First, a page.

The shots of sushi will wow you. Segments depicting 85-year-old Jiro Ono magically transforming rice and fish into pieces of art that are at once too beautiful to be eaten and yet must be eaten will mesmerize you. The manner in which he and his 51-year-old son run Sukiayabashi Jiro, a 10-seat sushi restaurant in the underground subway system in Tokyo’s ritzy Ginza District will, perhaps, prompt you to make subtle (or not so subtle) changes in the way you run your own kitchen. At the very least, you are likely to come away from the film with a heightened appreciation of tamagoyaki – the grilled egg dish frequently served on nigiri sushi menus. Sukiabashi Jiro is the only sushi restaurant in the world to earn Michelin’s top rating – the coveted three stars. The simple definition of a three-star restaurant is this: a restaurant that by itself makes a trip to that country worthwhile.

As a self-taught chef, as a father, as a person who is seeking to perfect my own path in life, and as one who lived in Japan for nine years and came to deeply appreciate the Japanese sensibility toward life, this film profoundly moved me. Jiro Ono embodies the characteristics of the shokunin – a master craftsman or artisan who, while possessing superb technical skills in his field, is also aware of his responsibility to model an honorable life and to look out for the welfare of others. In the film, Masahiro Yamamoto, one of Japan’s leading food critics,  identifies the five attributes of a great chef. These attributes are no doubt valued by all shokunin.

1. A serious attitude toward one’s work

2. Aspiration to improve – to strive for perfection

3. Cleanliness (which includes a proper order in one’s life and work)

4. Lead rather than collaborate

5. Bring passion to one’s work, (and through that passion to discover moments of ecstasy)

I’m going to add a sixth element to Yamamoto’s list. If Jiro’s life is about striving for perfection, the question is begged, “Perfection to what end?” To what purpose are the above five attributes?

It is this: They are all aimed toward providing others with an ultimate experience. Jiro dreams of sushi, yes. But what he really dreams of is providing his customers with a perfect dining experience. That is the sixth attribute: The desire to provide others with a penultimate experience.

Some of these attributes are, perhaps, antithetical to current western thinking. Therein lies the core of the criticisms of this film. Aren’t we supposed to value collaboration? Is the emphasis on cleanliness really so important? Is Jiro truly interested in others, or is he merely a shallow, self-inflated ego with no meaningful connection to other human beings – including his wife and his two sons? Doesn’t taking one’s work too seriously lead to imbalance in life?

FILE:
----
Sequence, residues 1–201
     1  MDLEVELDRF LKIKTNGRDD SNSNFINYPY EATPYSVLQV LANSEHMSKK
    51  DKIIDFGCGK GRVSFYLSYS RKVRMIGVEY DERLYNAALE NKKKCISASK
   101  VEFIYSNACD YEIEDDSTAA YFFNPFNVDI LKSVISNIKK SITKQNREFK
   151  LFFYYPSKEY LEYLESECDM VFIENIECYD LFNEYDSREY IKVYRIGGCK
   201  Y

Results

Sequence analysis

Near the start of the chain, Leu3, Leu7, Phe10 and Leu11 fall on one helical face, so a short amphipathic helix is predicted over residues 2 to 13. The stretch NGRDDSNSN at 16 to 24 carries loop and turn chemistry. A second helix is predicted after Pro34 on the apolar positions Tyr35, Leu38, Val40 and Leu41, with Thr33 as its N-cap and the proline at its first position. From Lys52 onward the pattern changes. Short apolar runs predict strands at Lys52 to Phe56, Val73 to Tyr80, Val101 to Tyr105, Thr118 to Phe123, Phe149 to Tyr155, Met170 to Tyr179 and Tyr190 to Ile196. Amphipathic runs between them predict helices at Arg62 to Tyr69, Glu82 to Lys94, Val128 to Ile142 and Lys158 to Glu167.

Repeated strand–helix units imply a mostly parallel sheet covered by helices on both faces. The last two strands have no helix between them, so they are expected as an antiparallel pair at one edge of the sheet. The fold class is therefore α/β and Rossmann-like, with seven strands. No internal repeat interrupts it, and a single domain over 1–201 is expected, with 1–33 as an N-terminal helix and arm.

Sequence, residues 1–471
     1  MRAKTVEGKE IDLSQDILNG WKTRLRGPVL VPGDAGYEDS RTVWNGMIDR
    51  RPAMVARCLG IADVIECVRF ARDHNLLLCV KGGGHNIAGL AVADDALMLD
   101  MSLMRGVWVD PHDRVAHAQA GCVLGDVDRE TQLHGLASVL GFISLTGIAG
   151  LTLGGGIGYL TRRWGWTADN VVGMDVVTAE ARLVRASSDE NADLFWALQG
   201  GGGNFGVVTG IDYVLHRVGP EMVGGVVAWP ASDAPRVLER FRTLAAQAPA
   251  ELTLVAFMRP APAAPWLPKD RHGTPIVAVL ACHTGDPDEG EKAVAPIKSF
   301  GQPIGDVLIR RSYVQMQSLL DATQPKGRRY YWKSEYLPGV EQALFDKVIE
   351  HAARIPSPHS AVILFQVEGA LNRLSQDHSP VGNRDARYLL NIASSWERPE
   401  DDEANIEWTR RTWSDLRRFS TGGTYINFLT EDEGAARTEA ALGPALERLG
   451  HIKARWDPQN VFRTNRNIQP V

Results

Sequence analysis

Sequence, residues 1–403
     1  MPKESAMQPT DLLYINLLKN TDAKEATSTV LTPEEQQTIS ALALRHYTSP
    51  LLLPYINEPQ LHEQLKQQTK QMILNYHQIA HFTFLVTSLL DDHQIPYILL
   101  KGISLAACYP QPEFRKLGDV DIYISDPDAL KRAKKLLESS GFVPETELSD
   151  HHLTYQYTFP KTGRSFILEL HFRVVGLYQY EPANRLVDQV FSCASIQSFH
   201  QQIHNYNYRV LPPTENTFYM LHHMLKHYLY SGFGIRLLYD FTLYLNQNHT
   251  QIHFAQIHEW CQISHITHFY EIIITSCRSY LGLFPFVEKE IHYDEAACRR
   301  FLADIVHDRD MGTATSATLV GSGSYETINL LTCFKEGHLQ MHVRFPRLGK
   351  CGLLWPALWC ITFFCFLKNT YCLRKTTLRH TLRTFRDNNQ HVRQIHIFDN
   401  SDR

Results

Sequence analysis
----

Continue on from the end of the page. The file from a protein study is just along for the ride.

I think this much is fair to observe: The path Jiro Ono has chosen in life is not a path that would suit everyone. But it is a path I admire. In the director’s cut, it is mentioned that a regret is that Jiro’s wife was unable to be in the film. This seems to be owing to the health of a woman in her 80’s, not about a failed partnership. His sons are both key players in the film, and speak of their father with honor, respect and love. They have both chosen to follow in his line of work, to embrace his teaching and have become highly respected sushi chefs in their own right. In turn, Jiro speaks with pride and admiration of both of his sons. As a father, I can very much relate to Jiro’s philosophy regarding child-rearing. You spend your life teaching and guiding, and in the end you hope a good bit of it takes root. In both of Jiro’s sons, his teaching did stick, his guidance payed off, and because his sons worked for many years in his restaurant, he ultimately spent more time with them than most fathers ever spend with their children.

As to taking one’s work too seriously and carving out one’s own path rather than collaborating, I grew up in a family wherein, not just in my nuclear family but in all the uncles and aunts in my extended family, the life philosophy most frequently espoused was an admonition to not take work (or anything else) too seriously. It was a philosophy that did not work for me, and ultimately inspired an opposing philosophy.

At the age of 4o, I began the long, sometimes arduous, deeply satisfying process of remaking my life. Part of the remaking has been rooted in a newfound freedom – a self-given permission to pursue life with renewed passion, dedication and a commitment to honor and excellence.  As I move forward with this life as a sailor, chef, writer, photographer, father and husband, this film that so eloquently captures the life and spirt of a true shokunin resonates.